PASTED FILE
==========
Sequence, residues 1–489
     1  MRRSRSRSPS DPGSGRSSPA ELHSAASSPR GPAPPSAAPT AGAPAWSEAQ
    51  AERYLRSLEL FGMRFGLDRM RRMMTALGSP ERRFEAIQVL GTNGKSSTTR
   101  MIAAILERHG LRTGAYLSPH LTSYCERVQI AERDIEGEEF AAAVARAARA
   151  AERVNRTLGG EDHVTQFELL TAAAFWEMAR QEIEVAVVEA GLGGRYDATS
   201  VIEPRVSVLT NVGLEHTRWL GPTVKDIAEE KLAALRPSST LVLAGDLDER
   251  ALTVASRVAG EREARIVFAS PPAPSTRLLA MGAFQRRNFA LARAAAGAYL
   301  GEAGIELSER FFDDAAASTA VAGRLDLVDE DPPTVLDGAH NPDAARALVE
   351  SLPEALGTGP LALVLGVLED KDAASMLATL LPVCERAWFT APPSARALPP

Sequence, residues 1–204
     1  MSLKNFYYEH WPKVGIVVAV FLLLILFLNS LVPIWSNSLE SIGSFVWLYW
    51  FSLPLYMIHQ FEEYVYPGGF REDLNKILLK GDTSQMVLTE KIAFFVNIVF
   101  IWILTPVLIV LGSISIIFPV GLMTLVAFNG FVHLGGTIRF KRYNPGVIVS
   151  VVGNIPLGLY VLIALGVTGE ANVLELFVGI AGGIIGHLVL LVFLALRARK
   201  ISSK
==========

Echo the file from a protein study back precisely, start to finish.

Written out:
Sequence, residues 1–489
     1  MRRSRSRSPS DPGSGRSSPA ELHSAASSPR GPAPPSAAPT AGAPAWSEAQ
    51  AERYLRSLEL FGMRFGLDRM RRMMTALGSP ERRFEAIQVL GTNGKSSTTR
   101  MIAAILERHG LRTGAYLSPH LTSYCERVQI AERDIEGEEF AAAVARAARA
   151  AERVNRTLGG EDHVTQFELL TAAAFWEMAR QEIEVAVVEA GLGGRYDATS
   201  VIEPRVSVLT NVGLEHTRWL GPTVKDIAEE KLAALRPSST LVLAGDLDER
   251  ALTVASRVAG EREARIVFAS PPAPSTRLLA MGAFQRRNFA LARAAAGAYL
   301  GEAGIELSER FFDDAAASTA VAGRLDLVDE DPPTVLDGAH NPDAARALVE
   351  SLPEALGTGP LALVLGVLED KDAASMLATL LPVCERAWFT APPSARALPP

Sequence, residues 1–204
     1  MSLKNFYYEH WPKVGIVVAV FLLLILFLNS LVPIWSNSLE SIGSFVWLYW
    51  FSLPLYMIHQ FEEYVYPGGF REDLNKILLK GDTSQMVLTE KIAFFVNIVF
   101  IWILTPVLIV LGSISIIFPV GLMTLVAFNG FVHLGGTIRF KRYNPGVIVS
   151  VVGNIPLGLY VLIALGVTGE ANVLELFVGI AGGIIGHLVL LVFLALRARK
   201  ISSK